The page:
AUSTINTOWN Ex-Tamco workers allege unfair hiring by Snyder's
Snyder's says that it has hired 144 and that all but six are ex-Tamco workers.
By CYNTHIA VINARSKY
VINDICATOR BUSINESS WRITER
AUSTINTOWN -- About 80 former Tamco distribution center employees, most over 40, have filed a group complaint with the federal Equal Employment Opportunity Commission alleging unfair hiring by the new warehouse operator.
David Engler, a Boardman attorney representing the group, said he is also preparing individual EEOC complaints for each employee to file against Snyder's Drug Stores, the Minneapolis-based drugstore chain now leasing the Victoria Road center.
The group complaint alleges discrimination related to age and disability, Engler said, but some of the individual complaints may also claim gender and race discrimination.
Barb Miller, executive vice president of administration for Snyder's, said the retailer has met every hiring-related request by Austintown Township, the NAACP, the Youngstown Urban League and Teamsters Local 377. The local represented Tamco employees and now represents workers at the warehouse Snyder's has renamed Western Wholesale Distribution.
"We are a new employer, not a successor. We are new to the community and new to the union," Miller said, noting that, as such, Snyder's was not required under any law to hire from the Tamco ranks.
Hired laid-off workers
At the urging of township officials and the union, Snyder's agreed to hire some laid-off Tamco employees, Miller said, "but there was no mention of seniority."
Out of 144 now working, she said, all but six are former Tamco employees. About 100 workers have been hired so far to staff the center, which will eventually serve as the distribution hub for 160 Snyder's Drug and Drug Emporium stores around the country. The company has not announced plans to open stores in the Mahoning Valley.
"We're still hopeful that Snyder's will simply realize that the people they left here to make the hiring decisions are discriminating," Engler said. "It's cronyism. They're hiring their friends and associates."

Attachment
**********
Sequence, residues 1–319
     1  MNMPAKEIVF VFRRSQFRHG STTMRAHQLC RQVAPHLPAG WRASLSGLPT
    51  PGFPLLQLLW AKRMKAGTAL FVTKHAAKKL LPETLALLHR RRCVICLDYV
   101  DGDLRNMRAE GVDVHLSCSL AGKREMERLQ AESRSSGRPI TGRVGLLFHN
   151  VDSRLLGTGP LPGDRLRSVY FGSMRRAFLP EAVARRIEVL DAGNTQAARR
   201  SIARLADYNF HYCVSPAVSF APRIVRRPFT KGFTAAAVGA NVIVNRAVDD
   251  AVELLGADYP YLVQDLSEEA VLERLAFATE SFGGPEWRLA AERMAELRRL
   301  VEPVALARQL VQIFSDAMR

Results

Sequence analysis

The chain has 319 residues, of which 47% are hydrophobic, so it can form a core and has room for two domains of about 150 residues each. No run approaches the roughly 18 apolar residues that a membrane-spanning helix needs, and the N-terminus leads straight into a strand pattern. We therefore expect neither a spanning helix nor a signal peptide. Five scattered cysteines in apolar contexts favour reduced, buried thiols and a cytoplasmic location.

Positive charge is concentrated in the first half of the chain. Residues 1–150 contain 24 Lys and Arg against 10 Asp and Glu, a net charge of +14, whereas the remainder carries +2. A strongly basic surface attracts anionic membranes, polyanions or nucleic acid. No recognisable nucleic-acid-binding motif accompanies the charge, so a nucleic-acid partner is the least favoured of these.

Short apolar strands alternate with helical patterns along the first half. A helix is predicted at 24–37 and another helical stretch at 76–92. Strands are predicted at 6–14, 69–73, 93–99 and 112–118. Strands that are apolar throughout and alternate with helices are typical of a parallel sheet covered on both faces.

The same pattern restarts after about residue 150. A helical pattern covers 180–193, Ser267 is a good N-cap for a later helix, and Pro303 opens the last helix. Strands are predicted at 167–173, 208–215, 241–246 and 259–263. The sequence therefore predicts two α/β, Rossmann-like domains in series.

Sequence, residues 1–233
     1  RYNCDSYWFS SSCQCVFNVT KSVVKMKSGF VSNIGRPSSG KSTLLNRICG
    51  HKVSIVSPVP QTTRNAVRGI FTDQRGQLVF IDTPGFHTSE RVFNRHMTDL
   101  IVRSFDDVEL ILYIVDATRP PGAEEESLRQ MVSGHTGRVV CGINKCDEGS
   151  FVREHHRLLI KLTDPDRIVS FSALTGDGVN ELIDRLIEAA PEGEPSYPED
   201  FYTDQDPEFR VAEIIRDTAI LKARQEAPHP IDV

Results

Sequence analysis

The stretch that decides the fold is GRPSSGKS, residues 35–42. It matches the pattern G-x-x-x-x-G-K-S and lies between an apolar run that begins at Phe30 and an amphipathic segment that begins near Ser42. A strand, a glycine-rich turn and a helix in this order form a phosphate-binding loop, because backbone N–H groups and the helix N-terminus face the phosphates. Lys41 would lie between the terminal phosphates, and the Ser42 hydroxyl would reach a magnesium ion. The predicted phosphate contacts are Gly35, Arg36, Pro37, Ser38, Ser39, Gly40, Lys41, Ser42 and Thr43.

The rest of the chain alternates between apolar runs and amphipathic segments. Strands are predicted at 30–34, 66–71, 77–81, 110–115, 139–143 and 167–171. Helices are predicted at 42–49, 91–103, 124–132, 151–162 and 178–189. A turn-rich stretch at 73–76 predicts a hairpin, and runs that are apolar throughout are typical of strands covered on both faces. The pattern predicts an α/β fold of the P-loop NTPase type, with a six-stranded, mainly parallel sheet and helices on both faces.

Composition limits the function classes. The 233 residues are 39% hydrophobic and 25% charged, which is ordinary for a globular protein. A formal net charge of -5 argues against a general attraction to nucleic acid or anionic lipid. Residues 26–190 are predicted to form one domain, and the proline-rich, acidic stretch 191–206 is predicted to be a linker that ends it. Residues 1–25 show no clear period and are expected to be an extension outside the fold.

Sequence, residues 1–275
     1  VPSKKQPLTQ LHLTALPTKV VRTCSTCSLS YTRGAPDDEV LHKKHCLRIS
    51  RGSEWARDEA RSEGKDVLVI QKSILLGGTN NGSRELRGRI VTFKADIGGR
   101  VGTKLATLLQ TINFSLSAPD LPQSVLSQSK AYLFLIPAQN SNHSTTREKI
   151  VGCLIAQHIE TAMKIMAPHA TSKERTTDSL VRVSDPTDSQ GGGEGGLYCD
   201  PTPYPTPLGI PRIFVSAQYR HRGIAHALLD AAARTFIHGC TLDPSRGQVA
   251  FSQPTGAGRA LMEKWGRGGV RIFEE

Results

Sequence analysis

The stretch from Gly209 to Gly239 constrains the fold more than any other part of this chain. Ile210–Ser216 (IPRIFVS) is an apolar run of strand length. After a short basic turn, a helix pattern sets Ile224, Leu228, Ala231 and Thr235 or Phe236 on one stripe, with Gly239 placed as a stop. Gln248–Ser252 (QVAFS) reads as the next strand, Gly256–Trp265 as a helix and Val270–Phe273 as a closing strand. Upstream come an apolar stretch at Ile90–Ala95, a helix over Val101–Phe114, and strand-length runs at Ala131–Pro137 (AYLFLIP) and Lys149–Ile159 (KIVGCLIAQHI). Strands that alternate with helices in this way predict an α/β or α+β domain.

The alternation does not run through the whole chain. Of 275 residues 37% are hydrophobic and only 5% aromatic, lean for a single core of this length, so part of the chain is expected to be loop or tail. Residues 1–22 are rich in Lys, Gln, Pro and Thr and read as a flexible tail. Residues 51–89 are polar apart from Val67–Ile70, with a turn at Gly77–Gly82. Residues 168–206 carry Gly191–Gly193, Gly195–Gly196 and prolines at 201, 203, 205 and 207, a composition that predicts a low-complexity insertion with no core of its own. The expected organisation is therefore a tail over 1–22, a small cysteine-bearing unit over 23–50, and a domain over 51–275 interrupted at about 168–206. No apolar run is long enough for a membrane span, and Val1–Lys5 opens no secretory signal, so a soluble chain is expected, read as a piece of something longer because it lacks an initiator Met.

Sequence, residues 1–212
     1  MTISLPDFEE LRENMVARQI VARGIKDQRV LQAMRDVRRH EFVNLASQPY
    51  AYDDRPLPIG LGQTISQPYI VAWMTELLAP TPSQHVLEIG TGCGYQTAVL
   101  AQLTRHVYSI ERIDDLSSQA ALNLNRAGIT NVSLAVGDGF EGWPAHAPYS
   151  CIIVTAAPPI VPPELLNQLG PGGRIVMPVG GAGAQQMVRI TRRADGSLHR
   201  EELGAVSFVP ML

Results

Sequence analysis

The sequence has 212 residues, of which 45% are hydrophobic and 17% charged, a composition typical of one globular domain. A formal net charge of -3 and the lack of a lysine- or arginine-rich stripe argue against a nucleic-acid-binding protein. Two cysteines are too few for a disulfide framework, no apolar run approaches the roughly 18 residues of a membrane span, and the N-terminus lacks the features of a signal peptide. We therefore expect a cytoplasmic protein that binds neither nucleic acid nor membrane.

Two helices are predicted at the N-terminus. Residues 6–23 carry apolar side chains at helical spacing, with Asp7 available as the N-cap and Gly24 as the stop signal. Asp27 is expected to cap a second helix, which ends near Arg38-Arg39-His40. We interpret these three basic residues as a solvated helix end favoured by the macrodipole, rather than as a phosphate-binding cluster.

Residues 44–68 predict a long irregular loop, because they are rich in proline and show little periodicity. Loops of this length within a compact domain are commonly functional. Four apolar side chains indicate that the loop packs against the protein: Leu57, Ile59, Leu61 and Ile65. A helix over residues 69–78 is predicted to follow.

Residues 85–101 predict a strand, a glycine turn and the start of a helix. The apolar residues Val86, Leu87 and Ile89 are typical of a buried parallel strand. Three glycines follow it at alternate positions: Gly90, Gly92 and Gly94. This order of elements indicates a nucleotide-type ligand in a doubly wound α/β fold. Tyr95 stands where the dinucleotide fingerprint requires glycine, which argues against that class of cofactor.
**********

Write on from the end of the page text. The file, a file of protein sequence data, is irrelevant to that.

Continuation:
He said Snyder's hiring process is subjective and has bypassed many employees with 20 or 30 years of seniority with Tamco and those who had been off work with injuries or other disabilities in the past.
"We're not saying that they haven't called back some Tamco people who are over 40 and some who were disabled, but instead of going right down the seniority list they're picking and choosing," he said.
Most of Engler's clients are over 40, he said, and "more than half" have had or now have a disability.
Filed NLRB complaint
The Tamco worker group has also filed a complaint with the National Labor Relations Board against Teamsters Local 377, Engler said, alleging the union failed to adequately represent them. The NLRB claim asserts that the union contract in force before Tamco closed, including the seniority hiring clause, should have been honored by the new warehouse user.
Bob Bernat, secretary-treasurer of the local, said had not seen the complaint and could not comment. Engler said he has also written Mahoning County commissioners on the Tamco workers' behalf, asking them to rescind a 10-year, 60-percent property tax abatement they approved. The abatement is expected to save Snyder's about $105,000 a year.